The IRS whistleblower program, which covers tax frauds, underpayments, and money laundering does provide that whistleblowers’ confidentiality will be protected to the maximum extent permitted by law but does not permit anonymous filings.
Federal employees also can follow rules for confidentiality under the Inspector General Act and other laws.
Examples of what to do or not do to ensure you are protected as a whistleblower under U.S. law
Every whistleblower program discussed in the prior section has its own explicit rules that whistleblowers must follow to maintain anonymity and confidentiality and to preserve their claims. However, there are also a set of “unwritten rules” in Kohn, Kohn & Colapinto’s experience for whistleblowers who want to make sure that their identity and status as a whistleblower are fully protected.
For example, we recommend only reporting to U.S. regulators and against reporting internally as made clear by the Danske Bank Whistleblower Case. In that case, Howard Wilkinson did everything right in reporting up the internal chain of command. However, despite “internal controls” his identity was ultimately leaked by Danske in retaliation.
We also recommend finding an attorney familiar with whistleblower law as soon as possible, before making any disclosures, and only reporting to agencies with strict whistleblower protection guidelines based on for example our experience working on Bradley Birkenfeld’s case. Before retaining Kohn, Kohn & Colapinto, LLP, Mr. Birkenfeld voluntarily provided information about tax fraud directly to Justice Department prosecutors who did not consider him a “whistleblower.” As a result, these prosecutors filed charges against Mr. Birkenfeld, and he was sentenced to a term in jail for participating in the fraud he was blowing the whistle on. After this misstep, he retained Kohn, Kohn & Colapinto, LLP through which he correctly filed his IRS whistleblower claim. His disclosure and cooperation with U.S. authorities began the dismantling of the historical secrecy of Swiss banks and, as of 2018, more than 56,000 delinquent taxpayers had come forward, and the IRS had collected $11.1 billion in back taxes, while numerous banks were successfully prosecuted or entered into settlement agreements with the U.S. government. The total amount of revenue generated from the U.S. government’s use of whistleblowers in detecting and prosecuting illegal Swiss banking is estimated at $16.19 billion.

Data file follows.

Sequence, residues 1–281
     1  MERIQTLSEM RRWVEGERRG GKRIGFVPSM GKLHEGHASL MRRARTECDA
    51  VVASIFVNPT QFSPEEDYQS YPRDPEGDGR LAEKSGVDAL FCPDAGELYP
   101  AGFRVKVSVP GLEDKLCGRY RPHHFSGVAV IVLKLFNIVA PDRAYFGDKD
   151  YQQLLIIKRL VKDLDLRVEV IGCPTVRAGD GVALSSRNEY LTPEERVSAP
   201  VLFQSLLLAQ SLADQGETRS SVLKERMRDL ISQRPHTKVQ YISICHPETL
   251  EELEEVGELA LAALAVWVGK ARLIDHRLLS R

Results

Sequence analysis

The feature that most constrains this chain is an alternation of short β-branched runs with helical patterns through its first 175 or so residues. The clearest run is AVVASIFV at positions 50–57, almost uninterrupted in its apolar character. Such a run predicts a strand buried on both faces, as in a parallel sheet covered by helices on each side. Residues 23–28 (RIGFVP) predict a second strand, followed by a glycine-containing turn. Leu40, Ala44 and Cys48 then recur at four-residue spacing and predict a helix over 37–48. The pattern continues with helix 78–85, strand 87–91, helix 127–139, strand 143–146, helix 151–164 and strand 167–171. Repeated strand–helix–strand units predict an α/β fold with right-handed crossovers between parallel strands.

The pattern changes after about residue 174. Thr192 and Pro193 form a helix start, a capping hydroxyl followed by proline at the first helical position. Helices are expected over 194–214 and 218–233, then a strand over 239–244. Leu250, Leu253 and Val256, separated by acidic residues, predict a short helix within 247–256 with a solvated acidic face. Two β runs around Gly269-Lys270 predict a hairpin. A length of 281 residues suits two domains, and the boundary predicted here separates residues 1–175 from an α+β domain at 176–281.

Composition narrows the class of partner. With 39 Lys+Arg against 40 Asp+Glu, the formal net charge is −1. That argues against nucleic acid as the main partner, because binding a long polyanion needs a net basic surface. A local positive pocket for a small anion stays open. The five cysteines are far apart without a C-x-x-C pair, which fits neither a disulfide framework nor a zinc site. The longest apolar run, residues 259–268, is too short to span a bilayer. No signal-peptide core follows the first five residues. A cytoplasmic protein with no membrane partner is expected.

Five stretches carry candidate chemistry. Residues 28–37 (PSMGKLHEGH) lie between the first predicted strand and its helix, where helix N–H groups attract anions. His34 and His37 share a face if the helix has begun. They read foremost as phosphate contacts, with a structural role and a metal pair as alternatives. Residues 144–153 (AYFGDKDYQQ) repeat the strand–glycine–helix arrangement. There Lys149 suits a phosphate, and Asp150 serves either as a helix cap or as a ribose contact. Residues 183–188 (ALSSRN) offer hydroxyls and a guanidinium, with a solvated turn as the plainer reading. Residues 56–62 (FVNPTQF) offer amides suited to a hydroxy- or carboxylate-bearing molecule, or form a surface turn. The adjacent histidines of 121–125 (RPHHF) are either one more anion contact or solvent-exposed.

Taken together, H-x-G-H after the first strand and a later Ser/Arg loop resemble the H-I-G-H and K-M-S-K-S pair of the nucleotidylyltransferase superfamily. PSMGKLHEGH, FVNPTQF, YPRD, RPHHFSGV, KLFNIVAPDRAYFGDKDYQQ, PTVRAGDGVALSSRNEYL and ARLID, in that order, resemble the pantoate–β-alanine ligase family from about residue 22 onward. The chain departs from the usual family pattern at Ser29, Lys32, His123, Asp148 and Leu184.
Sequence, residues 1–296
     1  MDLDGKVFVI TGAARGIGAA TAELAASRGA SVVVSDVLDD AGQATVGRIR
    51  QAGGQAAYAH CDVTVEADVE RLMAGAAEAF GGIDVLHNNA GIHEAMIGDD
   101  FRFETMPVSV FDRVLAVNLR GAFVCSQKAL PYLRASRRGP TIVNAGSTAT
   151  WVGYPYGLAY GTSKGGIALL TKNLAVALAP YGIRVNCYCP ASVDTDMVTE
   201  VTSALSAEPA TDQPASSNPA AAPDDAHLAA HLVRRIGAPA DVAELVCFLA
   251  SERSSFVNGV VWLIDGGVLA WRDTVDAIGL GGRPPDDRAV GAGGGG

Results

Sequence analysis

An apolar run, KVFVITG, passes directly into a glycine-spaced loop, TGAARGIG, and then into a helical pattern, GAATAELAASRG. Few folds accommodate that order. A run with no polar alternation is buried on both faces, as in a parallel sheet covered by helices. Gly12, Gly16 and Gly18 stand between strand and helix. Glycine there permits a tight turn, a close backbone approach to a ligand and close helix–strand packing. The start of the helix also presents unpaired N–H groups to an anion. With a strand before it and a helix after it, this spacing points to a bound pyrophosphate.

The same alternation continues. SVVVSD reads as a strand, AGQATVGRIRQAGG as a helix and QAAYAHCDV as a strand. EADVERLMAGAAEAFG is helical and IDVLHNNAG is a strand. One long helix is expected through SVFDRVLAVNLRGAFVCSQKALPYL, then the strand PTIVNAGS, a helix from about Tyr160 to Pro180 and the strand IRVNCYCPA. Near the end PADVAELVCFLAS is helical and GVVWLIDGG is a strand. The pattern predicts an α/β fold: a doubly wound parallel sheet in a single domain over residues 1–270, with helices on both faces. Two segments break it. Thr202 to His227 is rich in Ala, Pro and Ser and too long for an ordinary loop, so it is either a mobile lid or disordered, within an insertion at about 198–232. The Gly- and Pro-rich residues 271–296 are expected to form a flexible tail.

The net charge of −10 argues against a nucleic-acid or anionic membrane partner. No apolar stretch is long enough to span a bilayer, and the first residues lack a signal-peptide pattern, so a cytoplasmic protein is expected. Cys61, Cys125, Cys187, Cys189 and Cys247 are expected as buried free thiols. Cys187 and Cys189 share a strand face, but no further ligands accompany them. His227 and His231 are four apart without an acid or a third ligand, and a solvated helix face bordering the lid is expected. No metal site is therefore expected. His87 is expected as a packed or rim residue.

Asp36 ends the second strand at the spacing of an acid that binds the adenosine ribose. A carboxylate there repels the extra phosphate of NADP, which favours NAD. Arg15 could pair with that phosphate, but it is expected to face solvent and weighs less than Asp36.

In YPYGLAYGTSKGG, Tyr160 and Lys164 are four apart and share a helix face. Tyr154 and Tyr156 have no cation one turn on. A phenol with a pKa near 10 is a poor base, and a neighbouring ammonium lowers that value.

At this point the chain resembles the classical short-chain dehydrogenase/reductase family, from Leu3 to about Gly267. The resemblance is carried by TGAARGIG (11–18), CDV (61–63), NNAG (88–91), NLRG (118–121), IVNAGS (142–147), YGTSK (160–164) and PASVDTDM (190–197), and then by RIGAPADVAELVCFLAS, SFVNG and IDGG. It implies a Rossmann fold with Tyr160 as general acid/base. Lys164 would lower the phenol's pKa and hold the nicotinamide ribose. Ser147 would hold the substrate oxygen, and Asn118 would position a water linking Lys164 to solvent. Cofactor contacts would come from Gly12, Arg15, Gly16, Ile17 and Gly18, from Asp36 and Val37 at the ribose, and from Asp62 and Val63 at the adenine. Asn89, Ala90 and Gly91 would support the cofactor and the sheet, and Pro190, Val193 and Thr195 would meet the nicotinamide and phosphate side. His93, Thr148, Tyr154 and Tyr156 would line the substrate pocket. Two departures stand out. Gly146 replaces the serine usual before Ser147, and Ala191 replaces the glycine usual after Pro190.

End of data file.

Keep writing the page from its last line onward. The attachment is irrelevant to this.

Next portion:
The majority of Kohn, Kohn & Colapinto, LLP’s current and former clients remain anonymous and confidential, including non-U.S. whistleblowers from numerous European countries, such as France, Greece, Germany, Russia, Serbia, Spain, Switzerland, and the United Kingdom, some which do not offer confidential and anonymous reporting and are known for allowing retaliation against whistleblowers. However, our expertise in the written and unwritten laws have allowed us to continue to protect these clients.
Reporting under the Directive